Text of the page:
iQ200 Series Urinalysis Microscopy Instrument 

Move your urine microscopy forward with digital images

The iQ200 series of urinalysis microscopy instrumentation produces shortened TAT with standardized results. By leveraging proprietary Digital Flow Morphology technology using Auto-particle Recognition (APR) software, urine particles are isolated, identified and characterized on the screen to virtually eliminate the need for manual microscopy. The iQ200 series instruments are available as either stand-alone instruments or they can be connected to an iChemVELOCITY urine chemistry system to form an automated iRICELL workcell. 

This product may not be available in your country or region at this time. Please contact your Beckman Coulter sales representative or distributor for more information.

Increased clinical confidence

  • Digital Flow Morphology and APR software deliver standardized results for improved accuracy
  • Multiple parameters provide a complete picture of specimen status for better insight
  • The iQ200 series' quality results support better patient management
  • Urine culture indicator checklist assists in highlighting samples that may require urine culture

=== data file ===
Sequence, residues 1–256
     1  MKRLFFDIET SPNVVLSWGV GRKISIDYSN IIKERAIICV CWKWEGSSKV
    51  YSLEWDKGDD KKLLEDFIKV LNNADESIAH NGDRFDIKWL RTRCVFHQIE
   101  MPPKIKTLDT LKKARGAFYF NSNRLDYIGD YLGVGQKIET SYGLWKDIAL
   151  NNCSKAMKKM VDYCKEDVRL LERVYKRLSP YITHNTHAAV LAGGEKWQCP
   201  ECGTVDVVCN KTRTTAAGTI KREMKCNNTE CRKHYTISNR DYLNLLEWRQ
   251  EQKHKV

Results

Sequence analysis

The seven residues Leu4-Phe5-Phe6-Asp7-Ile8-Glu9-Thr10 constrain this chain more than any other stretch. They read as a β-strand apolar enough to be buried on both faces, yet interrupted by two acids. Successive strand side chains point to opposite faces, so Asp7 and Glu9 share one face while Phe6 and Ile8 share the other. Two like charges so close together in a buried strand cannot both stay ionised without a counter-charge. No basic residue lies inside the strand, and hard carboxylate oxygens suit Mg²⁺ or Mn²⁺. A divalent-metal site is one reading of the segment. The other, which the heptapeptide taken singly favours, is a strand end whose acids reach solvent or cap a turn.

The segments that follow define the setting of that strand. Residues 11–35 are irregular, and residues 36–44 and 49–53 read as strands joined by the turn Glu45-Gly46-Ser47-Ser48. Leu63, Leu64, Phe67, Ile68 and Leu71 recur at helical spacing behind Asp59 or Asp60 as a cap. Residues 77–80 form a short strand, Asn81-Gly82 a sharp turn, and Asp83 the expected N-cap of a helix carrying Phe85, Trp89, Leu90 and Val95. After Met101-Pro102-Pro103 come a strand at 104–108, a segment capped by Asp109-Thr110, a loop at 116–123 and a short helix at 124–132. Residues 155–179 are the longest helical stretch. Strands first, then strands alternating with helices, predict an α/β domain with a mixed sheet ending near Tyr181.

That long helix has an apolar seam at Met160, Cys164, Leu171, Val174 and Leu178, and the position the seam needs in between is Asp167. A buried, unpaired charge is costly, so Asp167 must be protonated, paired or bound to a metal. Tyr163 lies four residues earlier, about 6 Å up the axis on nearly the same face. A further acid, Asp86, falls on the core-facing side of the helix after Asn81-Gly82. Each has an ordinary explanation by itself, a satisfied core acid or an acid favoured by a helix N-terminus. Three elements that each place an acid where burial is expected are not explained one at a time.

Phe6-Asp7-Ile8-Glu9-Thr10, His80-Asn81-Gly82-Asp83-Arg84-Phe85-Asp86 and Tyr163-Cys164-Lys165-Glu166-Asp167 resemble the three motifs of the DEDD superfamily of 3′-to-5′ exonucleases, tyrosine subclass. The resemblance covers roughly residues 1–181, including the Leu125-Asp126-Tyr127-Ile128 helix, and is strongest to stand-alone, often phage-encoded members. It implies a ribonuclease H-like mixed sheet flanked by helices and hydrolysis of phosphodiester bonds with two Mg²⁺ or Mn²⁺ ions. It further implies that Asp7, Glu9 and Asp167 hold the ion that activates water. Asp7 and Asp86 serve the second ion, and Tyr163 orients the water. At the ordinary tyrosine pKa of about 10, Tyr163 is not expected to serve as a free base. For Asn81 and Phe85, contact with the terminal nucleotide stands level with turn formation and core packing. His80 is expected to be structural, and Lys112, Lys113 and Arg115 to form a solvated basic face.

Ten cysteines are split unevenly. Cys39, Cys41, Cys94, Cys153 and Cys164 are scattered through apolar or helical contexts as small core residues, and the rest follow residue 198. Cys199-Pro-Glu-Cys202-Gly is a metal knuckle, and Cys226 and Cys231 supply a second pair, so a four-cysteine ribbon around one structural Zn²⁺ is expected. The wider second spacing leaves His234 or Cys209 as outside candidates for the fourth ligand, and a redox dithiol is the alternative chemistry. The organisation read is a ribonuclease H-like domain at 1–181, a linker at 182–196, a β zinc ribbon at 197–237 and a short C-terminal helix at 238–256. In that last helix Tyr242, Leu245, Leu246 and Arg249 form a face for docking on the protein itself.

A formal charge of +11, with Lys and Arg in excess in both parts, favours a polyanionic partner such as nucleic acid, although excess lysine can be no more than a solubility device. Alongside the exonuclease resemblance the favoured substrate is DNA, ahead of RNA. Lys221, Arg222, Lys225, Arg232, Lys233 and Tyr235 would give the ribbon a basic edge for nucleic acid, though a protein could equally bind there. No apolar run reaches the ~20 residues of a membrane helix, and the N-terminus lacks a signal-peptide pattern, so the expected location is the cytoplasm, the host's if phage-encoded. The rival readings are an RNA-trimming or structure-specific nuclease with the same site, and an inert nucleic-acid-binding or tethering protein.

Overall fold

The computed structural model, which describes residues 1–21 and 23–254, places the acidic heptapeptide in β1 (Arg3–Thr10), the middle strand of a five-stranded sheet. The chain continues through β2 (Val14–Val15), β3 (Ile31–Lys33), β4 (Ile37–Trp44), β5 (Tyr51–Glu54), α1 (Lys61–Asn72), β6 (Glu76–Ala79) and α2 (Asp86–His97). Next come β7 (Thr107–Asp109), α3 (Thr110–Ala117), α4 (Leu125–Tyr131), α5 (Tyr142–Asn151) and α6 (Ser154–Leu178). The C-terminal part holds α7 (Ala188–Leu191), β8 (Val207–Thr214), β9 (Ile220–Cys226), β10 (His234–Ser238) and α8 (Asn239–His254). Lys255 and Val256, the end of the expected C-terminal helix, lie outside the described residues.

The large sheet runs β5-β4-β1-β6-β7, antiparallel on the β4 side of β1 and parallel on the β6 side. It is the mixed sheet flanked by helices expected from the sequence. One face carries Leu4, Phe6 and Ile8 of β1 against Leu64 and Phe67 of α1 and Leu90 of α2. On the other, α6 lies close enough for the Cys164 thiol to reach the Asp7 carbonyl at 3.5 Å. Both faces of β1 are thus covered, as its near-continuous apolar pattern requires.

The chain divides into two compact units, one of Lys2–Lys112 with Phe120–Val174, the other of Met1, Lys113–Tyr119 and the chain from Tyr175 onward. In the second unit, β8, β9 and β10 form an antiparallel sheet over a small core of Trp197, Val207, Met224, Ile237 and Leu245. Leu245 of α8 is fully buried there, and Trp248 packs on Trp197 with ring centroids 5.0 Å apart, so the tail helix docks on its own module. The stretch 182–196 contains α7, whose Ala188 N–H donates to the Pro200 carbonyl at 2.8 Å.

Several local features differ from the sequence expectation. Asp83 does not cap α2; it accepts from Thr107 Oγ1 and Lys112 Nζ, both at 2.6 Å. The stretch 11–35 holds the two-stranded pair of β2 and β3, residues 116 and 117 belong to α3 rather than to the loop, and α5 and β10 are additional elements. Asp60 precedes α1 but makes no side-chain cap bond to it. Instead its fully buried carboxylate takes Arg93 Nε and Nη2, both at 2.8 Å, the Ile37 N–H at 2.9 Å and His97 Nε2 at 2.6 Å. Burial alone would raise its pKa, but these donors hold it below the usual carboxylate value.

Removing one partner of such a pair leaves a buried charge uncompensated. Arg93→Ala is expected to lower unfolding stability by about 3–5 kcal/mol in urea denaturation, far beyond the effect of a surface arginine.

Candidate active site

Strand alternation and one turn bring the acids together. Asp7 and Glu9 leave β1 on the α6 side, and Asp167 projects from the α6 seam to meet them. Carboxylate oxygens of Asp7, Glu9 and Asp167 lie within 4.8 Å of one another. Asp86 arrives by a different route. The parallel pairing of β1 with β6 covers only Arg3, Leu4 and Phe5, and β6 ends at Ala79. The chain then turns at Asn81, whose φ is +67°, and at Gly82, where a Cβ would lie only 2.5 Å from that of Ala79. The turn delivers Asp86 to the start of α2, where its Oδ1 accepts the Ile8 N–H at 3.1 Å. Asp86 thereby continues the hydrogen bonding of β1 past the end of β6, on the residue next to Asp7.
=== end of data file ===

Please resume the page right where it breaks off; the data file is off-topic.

Improved workflow

  • The iQ200 series' On-screen verification of results improves TAT
  • Edit-free Release technology auto-releases results based on user-defined parameters to increase walk-away efficiency 
  • Auto-classification of 12 particle types with 27 sub-categories reduces manual reviews and repeat testing

Comparison of iQ200 Series Instruments



High Volume

  • Up to 101 microscopic samples per hour



Mid to High Volume

  • Up to 70 microscopic samples per hour



Low Volume

  • Up to 40 microscopic samples per hour

Body Fluids Analysis iQ200 Poster

Poster Automated Body Fluid Analysis vs. Manual Microscopy

A study by clinical chemist Sorin Gîju, Ph.D., compared images of analyzed body fluid particles captured with the iQ200 series’ Digital Flow Morphology to those obtained via manual microcopy using filters on identical patient samples. Explore Dr. Gîju’s findings and the correlation between manual and digital methods.